You're not here to hurt me… Let my people in. You can march to the Capitol from here." However, the commission's work appears to have had little impact among Republicans. More than 60% of them respond in surveyswho continue to believe that Biden's victory in 2020 was illegitimate. But the commission's work highlights changes in the Republican Party. Liz Cheney, the daughter of George W. Bush's vice president, Dick Cheney, was one of two Republicans who agreed to serve on the commission. The Cheneys and Trump have come to loathe each other: In 2016, Trump called the Iraq war a "big, fat mistake." The "neoconservative" group that Cheney was close to in the Bush White House, and which masterminded the Iraq war, considered itself an enemy of tyranny and saw Trump as a manifestation of the kind of thing he was fighting against.
In 2022, in an ad supporting his daughter, Dick south africa phone number list Cheney said that "in the 236-year history of our nation, there has never been a person who poses a greater threat to our republic than Donald Trump." Liz Cheney lost that election to the Trump-backed candidate. The other issue that united the Democrats in this election was the protection of the right to abortion, which is also, in a way, related to issues of democracy and governance. Last June, by a vote of 6 to 3, the Supreme Court reversed the 1973 decision—made by a different Supreme Court—that had legalized abortion in all fifty states. With this ruling, as it was before 1973, states can decide whether abortion is legal and under what conditions. The conservatives described the decision as an advance in favor of democracy and restored the power of decision to the states.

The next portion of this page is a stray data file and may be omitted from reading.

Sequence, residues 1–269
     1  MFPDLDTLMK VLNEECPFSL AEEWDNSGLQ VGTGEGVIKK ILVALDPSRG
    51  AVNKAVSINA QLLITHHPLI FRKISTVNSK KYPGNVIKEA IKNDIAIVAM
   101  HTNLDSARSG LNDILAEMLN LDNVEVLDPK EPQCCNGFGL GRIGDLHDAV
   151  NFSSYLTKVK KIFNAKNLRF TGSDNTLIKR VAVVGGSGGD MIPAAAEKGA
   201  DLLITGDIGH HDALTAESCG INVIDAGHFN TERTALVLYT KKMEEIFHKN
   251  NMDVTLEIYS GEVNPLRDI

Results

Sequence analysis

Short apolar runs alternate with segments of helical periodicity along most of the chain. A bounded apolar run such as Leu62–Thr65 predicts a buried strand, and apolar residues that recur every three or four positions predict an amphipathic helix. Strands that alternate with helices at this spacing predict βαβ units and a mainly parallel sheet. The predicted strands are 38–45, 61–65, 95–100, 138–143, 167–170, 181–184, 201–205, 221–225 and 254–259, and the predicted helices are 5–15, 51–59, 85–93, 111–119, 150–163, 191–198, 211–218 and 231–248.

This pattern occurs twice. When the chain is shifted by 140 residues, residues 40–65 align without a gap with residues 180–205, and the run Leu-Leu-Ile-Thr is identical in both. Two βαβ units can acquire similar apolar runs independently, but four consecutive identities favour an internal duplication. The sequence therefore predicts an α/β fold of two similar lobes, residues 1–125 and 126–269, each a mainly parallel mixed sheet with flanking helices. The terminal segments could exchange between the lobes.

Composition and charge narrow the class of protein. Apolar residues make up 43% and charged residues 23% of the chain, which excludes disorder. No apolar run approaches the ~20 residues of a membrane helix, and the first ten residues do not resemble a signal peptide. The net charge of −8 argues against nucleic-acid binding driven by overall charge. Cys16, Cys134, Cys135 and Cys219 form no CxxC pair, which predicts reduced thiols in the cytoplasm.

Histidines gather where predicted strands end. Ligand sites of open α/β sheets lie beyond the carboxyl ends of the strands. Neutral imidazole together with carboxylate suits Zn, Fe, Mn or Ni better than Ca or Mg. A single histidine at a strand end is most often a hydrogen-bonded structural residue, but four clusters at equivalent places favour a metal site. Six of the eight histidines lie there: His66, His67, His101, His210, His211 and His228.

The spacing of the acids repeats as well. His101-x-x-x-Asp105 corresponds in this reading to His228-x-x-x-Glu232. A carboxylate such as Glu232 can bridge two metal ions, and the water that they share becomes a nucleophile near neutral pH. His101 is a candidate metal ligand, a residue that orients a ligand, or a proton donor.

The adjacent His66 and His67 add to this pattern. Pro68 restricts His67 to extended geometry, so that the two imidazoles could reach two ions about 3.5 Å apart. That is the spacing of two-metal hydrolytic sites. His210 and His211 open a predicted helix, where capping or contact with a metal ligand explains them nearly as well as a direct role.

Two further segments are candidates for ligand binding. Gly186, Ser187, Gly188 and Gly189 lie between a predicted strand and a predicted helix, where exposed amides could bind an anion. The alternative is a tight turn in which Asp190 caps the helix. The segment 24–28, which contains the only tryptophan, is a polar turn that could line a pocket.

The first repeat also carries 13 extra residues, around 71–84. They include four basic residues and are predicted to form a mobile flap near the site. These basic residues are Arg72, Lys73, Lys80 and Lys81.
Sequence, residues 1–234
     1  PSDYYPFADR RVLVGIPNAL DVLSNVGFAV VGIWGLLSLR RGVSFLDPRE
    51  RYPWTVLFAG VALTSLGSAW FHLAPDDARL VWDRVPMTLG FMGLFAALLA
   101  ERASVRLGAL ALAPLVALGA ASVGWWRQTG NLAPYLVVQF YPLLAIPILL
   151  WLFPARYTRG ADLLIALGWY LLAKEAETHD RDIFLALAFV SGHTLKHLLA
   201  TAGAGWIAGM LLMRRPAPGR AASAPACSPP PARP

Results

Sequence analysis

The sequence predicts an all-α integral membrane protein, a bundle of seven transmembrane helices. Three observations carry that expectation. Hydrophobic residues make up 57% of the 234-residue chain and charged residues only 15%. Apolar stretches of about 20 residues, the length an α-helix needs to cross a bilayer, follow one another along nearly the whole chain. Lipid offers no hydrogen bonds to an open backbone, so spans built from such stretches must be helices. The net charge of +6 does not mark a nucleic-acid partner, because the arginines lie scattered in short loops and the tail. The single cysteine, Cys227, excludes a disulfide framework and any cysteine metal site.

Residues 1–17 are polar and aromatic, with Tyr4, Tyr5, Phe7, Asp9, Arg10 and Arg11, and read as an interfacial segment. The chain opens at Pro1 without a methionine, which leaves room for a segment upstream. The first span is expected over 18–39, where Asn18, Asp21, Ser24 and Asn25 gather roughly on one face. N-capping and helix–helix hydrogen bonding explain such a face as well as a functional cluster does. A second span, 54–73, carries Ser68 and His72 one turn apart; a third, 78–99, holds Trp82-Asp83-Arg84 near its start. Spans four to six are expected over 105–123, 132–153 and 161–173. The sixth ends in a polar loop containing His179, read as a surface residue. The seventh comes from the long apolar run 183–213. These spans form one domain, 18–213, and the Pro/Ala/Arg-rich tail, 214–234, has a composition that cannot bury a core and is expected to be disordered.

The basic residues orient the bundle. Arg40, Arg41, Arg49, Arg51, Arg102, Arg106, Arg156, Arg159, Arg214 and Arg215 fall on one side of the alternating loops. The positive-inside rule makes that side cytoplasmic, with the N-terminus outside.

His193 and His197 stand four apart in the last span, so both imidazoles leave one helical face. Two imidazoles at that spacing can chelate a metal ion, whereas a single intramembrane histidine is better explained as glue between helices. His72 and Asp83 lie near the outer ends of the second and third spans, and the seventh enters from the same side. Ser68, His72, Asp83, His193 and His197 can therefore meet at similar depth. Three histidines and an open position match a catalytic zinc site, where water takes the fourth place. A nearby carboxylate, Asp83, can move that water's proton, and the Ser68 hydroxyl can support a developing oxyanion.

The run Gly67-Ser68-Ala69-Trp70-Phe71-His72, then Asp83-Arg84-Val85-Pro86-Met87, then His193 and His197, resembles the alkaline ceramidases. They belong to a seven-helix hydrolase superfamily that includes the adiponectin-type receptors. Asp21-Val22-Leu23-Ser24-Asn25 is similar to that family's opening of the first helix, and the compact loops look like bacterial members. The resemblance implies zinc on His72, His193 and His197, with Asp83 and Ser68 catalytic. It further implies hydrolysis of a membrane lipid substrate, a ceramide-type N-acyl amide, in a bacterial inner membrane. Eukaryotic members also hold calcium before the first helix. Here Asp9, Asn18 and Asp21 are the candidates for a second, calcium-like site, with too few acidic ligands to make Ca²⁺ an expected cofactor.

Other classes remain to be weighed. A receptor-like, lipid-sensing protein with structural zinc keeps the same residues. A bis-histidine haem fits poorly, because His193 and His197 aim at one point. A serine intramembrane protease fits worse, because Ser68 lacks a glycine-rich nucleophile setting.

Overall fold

But many women faced the sudden loss of a right guaranteed for generations. This has also called into question the political legitimacy of the Court, above all because the conservative majority of 6 to 3 is the product of the abuse of power and not of the popular will. The position of every judge of the Court is for life, each member is appointed by the president and needs to be confirmed by the Senate. In 2016, when conservative Justice Antonin Scalia died, Senate Republican leader Mitch McConnell flatly refused to hold hearings for President Obama's nominee for nine months, saying "it was for the people to decide." Ultimately it was Trump who appointed and confirmed a replacement, and then another.